In the weeks since the Nov. 3 election, the media narrative for the most closely watched local races — all nine of the Seattle City Council seats, using the new district system for the first time — was clear: Mayor Ed Murray won. The urbanists won. The voters spoke, and it was a resounding endorsement of Seattle’s real estate-driven, density-at-all-costs mania. The Seattle Times said so.

Or, as local political consultant Ben Anderstone put it six days after the election in Crosscut, “Candidates who warned of approaching storm clouds got little traction.”

Really? By “approaching storm clouds,” Anderstone can only mean the city’s crisis in escalating rents and loss of affordable housing. The candidates on either side of this divide were relatively easy to identify: Murray’s consultant, Christian Sinderman, had establishment-backed clients in eight of the nine council races. Pitted against them were progressive candidates focusing on housing and development issues in eight races.

Now, in the last few elections, incumbents generally coasted to reelection. Their huge money advantage and the foreboding logistics of running citywide made strong challengers relatively rare. 

That’s one big reason why Kshama Sawant’s win in 2013 was so shocking: Until late in that race, Sawant wasn’t even seen as a serious challenger. Richard Conlin, like most of his colleagues, expected another somnambulant coronation. 


A different look

The “big win for urbanists!” frame starts with that assumption. But in the new era of both unlimited outside money and districts, it’s a bad assumption. Those eight progressive candidates? All but one broke 40 percent. 

With Lisa Herbold pulling ahead of Shannon Braddock in their West Seattle race, it looks like four progressives will have actually won: Herbold, Sawant, incumbent Mike O’Brien and Debora Juarez in Northeast Seattle will have won. 

As the last votes are counted, a fifth, Tammy Morales, still had an outside chance of catching incumbent Bruce Harrell in South Seattle. That would be a majority of City Council that ran against the developer-driven agenda of Sinderman’s candidates. By any definition, that’s “traction.” It’s hardly a sweeping mandate for business as usual.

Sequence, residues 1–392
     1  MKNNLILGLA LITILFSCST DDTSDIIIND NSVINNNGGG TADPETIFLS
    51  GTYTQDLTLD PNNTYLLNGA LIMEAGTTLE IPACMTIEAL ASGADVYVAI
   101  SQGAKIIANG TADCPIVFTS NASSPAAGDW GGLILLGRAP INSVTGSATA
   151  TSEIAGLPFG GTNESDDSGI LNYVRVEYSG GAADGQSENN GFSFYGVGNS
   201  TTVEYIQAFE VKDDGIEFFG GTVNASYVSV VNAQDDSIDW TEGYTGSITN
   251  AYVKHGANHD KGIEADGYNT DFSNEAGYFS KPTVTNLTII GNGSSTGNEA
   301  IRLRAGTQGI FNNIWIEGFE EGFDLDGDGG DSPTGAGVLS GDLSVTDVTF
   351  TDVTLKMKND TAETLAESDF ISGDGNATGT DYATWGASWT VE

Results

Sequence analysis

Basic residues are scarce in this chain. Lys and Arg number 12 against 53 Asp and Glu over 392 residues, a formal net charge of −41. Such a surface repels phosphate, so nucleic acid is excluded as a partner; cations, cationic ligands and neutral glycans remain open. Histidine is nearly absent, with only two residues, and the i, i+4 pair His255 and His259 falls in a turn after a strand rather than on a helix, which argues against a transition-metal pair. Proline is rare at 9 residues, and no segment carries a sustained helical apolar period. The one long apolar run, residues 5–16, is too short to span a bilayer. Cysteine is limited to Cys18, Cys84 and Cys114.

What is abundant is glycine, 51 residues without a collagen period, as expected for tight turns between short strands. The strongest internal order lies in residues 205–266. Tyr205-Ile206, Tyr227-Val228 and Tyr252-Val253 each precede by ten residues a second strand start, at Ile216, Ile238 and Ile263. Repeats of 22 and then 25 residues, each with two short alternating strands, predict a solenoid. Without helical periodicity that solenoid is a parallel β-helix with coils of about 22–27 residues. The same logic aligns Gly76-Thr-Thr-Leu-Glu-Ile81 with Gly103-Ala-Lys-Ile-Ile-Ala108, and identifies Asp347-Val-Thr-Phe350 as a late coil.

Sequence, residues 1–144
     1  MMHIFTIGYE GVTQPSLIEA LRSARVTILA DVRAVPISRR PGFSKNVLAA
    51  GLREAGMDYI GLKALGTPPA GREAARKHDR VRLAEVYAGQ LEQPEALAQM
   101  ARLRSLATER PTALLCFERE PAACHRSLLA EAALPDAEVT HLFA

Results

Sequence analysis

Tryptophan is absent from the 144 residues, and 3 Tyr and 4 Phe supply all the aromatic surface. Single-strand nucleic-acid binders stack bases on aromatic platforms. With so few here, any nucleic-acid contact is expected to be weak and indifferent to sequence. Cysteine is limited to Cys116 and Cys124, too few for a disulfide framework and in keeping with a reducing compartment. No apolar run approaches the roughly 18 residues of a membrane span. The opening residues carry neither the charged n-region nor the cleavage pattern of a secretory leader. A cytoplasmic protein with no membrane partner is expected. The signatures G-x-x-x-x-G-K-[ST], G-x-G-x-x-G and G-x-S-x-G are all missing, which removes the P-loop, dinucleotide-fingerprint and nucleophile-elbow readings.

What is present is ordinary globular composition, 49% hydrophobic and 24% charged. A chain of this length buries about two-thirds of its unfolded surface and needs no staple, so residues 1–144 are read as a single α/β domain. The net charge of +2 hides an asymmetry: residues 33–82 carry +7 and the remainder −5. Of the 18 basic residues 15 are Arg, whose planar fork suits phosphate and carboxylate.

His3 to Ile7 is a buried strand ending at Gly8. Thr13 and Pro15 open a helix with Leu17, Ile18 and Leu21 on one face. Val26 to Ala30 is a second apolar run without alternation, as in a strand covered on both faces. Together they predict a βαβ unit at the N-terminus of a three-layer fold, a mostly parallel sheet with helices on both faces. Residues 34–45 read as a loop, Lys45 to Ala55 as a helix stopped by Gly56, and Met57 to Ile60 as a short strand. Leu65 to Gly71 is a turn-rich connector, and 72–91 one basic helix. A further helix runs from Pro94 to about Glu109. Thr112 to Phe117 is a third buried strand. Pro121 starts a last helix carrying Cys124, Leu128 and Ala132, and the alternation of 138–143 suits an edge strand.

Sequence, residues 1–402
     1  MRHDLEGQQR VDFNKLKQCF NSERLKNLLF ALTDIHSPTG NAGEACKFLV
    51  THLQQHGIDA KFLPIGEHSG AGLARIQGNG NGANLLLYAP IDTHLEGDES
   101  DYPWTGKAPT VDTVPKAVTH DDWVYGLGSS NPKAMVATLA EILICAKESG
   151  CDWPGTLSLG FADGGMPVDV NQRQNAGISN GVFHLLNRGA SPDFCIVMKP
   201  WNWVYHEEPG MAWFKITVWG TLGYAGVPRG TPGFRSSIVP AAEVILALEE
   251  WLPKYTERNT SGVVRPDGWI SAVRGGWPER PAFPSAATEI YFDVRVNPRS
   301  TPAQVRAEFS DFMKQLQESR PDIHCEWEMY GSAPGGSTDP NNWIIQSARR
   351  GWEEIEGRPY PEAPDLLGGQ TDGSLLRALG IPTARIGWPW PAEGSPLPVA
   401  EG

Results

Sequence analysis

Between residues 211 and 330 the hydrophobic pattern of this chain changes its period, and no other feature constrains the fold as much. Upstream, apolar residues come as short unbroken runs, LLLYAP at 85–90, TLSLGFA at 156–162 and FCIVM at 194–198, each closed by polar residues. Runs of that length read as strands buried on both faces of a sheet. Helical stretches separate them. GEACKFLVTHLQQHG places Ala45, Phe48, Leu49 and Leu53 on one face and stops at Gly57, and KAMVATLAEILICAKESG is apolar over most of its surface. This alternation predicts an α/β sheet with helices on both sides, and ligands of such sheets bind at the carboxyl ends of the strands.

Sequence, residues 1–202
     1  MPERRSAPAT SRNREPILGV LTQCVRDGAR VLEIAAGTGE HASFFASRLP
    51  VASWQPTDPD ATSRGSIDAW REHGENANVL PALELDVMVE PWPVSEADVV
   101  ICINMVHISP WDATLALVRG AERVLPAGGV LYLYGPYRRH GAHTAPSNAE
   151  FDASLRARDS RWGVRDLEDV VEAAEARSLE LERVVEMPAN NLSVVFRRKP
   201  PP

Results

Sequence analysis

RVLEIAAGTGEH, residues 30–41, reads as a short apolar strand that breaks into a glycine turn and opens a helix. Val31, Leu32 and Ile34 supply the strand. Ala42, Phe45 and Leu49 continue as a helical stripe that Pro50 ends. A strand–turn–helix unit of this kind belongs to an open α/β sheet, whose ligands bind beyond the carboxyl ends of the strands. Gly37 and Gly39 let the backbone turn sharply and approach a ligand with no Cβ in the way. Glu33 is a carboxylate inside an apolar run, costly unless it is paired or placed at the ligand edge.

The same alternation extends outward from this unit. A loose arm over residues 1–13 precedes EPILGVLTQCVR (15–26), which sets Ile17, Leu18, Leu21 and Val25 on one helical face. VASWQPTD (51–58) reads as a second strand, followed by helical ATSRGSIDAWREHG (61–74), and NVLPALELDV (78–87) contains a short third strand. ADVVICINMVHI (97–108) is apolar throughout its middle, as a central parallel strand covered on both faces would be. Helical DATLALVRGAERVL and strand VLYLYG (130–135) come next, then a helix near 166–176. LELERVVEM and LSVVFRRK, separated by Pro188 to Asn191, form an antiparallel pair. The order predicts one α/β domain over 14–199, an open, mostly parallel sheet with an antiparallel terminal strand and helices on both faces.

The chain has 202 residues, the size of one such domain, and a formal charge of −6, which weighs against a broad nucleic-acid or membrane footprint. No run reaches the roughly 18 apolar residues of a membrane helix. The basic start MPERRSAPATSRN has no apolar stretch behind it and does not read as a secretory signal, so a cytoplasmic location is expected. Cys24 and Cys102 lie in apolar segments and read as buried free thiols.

Even if Harrell had not pulled out another term, the new council will be far more diverse — and not just ideologically. A majority are women. Four are non-white. Given that money still played a huge part in determining winners and losers in these races — only Herbold and (barely) Juarez were outspent among the winning candidates — the fact that a progressive slate will have far more influence, and on many issues a working council majority, is shocking.

The district system was designed to increase City Council accountability, and in that it was successful. Seven of nine council seats faced strong challenges to the establishment candidate. Four-dozen people ran for those seats in the primary. 

The days of a monolithic council and chronic 9-0 and 8-1 votes are over for a while to come. With Initiative 122 winning, complementing the district system, next time underfunded candidates will have another assist in waging competitive campaigns. 

Moreover, other local results had a decidedly progressive bent. I-122 passed easily, all four reform candidates won their Seattle School Board races and, in Fred Felleman, the Port of Seattle will have an ardent environmentalist as a commissioner for the first time in its sordid history.


A different election

Those down-ticket races had even more progressive results precisely because they didn’t draw as much corporate money. In the council races, that money was critical. Three of the four biggest beneficiaries of corporate soft money (Pamela Banks, council president Tim Burgess, Braddock and Rob Johnson) held Election Night leads. Cash still has a disproportionate influence on local elections, and most of the money is coming from people and companies who rely on elected officials to help them make more of it.

The other significant result, though, shows a strong and likely ongoing constituency for candidates who warn of “storm clouds.” 

Sawant is shaping up to be a unique political talent, and her success is a genuine phenomenon: Despite a ferocious challenge backed by the mayor and by Burgess, Sawant got a higher percentage of votes this year than in 2013. 

And consider her campaign: More than 600 active volunteers; more than 178,000 phone calls; 9,236 doors knocked on in the final weekend and more than 90,000 in the campaign; and well more than $450,000 in donations — without accepting any corporate cash — from 3,445 different donors, triple the number of any other candidate. Sawant’s donations were smaller, averaging half or less than that of other campaigns. But she made it up with her sheer number of donors and volunteers.

That is utterly unprecedented in local politics. Can public financing and campaign experience outpace Seattle’s steady exodus of voters who can no longer afford to live here? We’ll find out in 2017.

GEOV PARRISH is cofounder of Eat the State! He also reviews news of the week on “Mind Over Matters” on KEXP 90.3 FM. To comment on this column, write to